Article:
Under S.C. Code Ann. § 63-15-210, there are two different types of custody – physical custody, which is the parent with whom a child lives most of the time, and legal custody, which is the parent who has the authority to make major decisions in the child’s life. Beyond those classifications, custody also can be either sole custody or joint custody under South Carolina law. The exact custody and parenting time arrangement in each case is based upon what is in the child’s best interests.
Sole Legal Custody
In a case in which one parent has sole custody, that parent has the exclusive right to make all decisions that might arise in his or her child’s life, such as medical decisions, educational choices, and spiritual upbringing. The other parent has no authority to make these decisions, and the custodial parent does not need to either seek or consider the other parent’s opinions in making these decisions. In some cases, sole custody is ordered because one parent is absent in the child’s life, incarcerated, or lives very far away from the child. In other cases, however, sole custody may be appropriate because the parents are unable to effectively collaborate and make joint decisions about their child.
Joint Legal Custody
If a judge orders that parents share joint custody of a child, it means that parents generally must work together to make major decisions about a child’s life. One parent cannot make this type of a decision on his or her own or without consulting the other parent first. However, the court also may give one parent sole authority to make certain kinds of decisions or decisions involving a particular issue. For instance, if the parents have a strong difference in opinion about whether a child should attend a private or public school, then the judge might give one parent the sole right to make educational decisions for the child.
Sole Physical Custody
In a true sole physical custody situation, one parent has the child staying with him or her all of the time, and the other parent has no parenting time with the child at all. This is a rare situation that probably only arises if the parent has abused the child in some way, poses some type of danger to the child, or is incarcerated for a lengthy amount of time. The more common situation is one in which the child lives one parent the majority of the time, but also spends prescribed periods of time with the other parent.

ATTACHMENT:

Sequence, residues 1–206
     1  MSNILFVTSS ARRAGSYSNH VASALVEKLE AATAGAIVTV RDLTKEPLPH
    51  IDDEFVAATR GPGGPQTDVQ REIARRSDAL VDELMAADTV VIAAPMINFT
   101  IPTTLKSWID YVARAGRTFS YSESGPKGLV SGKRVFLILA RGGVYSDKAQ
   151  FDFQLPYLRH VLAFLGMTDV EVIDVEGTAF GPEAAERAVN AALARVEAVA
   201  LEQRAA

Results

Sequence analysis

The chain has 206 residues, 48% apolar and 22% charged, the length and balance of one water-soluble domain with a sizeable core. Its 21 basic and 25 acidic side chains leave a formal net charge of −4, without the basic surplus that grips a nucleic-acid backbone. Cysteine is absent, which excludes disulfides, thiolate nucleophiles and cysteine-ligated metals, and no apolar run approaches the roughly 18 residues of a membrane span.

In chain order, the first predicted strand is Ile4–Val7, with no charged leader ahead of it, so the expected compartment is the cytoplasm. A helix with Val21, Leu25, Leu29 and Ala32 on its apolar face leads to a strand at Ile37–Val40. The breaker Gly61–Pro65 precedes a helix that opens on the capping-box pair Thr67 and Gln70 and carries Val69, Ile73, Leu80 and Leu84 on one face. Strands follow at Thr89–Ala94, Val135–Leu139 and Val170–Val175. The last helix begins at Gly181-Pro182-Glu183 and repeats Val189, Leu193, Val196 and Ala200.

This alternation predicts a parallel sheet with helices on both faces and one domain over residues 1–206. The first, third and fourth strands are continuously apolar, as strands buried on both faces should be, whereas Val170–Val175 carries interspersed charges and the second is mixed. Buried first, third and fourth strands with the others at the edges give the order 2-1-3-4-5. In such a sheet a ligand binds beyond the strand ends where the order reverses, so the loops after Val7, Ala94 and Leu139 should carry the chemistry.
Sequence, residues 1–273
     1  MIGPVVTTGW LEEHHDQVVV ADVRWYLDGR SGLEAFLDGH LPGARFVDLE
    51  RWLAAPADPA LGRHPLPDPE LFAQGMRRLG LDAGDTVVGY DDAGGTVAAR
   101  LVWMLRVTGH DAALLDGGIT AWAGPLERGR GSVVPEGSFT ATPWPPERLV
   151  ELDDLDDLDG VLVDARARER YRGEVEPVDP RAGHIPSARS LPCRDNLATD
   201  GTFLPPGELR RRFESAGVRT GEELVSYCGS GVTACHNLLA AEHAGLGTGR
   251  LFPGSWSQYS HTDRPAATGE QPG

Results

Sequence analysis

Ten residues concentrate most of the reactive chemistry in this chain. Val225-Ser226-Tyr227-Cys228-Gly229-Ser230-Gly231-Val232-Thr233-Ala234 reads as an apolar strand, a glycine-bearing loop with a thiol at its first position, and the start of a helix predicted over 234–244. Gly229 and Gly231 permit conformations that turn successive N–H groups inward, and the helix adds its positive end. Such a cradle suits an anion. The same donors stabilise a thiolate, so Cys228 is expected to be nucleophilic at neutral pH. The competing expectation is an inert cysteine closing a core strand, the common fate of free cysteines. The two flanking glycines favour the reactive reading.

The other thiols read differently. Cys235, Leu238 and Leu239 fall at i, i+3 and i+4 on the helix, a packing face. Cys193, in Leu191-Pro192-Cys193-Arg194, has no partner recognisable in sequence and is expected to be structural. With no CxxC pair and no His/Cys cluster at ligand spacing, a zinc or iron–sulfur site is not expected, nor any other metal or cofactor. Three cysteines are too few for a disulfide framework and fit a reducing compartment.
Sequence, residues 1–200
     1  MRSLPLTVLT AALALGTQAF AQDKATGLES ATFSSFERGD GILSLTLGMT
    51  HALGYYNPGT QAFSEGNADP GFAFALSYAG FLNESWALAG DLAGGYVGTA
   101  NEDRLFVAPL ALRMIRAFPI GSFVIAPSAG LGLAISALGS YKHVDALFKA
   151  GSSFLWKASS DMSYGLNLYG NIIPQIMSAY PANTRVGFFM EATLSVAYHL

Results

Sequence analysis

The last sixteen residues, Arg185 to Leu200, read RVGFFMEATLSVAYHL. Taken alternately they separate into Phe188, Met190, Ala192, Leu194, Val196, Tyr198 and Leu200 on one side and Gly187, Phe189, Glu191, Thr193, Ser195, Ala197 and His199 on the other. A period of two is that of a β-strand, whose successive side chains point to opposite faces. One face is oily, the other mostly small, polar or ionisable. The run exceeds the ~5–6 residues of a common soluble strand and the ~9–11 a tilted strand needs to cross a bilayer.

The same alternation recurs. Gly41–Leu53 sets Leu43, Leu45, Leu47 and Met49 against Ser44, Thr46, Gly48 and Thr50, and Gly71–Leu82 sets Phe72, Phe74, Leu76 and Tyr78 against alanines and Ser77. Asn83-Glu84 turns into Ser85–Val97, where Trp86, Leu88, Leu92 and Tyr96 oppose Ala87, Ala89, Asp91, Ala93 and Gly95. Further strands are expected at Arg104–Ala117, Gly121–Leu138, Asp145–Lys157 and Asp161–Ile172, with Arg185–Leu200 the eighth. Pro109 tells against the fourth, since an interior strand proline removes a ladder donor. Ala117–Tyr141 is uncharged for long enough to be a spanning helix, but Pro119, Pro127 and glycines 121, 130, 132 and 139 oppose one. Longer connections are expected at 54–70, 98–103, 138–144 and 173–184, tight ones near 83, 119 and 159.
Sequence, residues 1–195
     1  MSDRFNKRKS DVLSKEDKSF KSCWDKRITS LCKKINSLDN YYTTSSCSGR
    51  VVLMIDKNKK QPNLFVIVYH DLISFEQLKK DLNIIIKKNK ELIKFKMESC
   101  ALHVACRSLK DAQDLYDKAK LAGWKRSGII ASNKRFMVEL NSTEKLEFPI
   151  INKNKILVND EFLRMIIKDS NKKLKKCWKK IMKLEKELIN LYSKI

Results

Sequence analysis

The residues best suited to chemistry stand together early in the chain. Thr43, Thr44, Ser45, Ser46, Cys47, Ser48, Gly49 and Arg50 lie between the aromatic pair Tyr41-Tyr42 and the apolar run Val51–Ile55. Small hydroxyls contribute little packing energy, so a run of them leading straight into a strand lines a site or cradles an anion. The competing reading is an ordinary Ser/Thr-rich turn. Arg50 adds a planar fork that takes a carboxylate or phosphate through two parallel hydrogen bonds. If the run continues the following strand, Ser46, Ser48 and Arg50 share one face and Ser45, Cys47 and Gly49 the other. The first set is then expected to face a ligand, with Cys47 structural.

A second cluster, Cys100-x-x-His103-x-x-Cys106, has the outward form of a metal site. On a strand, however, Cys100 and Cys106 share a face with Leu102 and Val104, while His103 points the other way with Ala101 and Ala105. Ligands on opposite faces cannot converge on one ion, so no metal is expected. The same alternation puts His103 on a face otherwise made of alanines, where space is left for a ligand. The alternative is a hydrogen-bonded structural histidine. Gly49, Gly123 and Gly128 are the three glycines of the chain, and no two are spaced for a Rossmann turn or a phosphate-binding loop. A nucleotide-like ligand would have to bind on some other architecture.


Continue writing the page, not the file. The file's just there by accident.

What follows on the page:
Joint Physical Custody
Joint physical custody occurs in a situation in which both parents spend of time with their child. The child may rotate from one parent’s household to the other according to a prescribed parenting plan, or the child simply may come and go between the parents’ homes as needed. Whatever the case may be, joint physical custody only works if both parents can work together effectively and successfully raise their child.
Do Not Hesitate to Contact Us for Legal Help Today
Whether you are facing a child custody proceeding or another type of family law matter, legal assistance is essential to your ability to successfully resolve your case. Particularly in cases in which custody is highly contested, you need a well-experienced Greenville child custody attorney who can recommend the most effective strategies to use in your case. Contact the attorneys at the Elliott Frazier Law Firm, LLC, and set up an appointment to learn how we can help.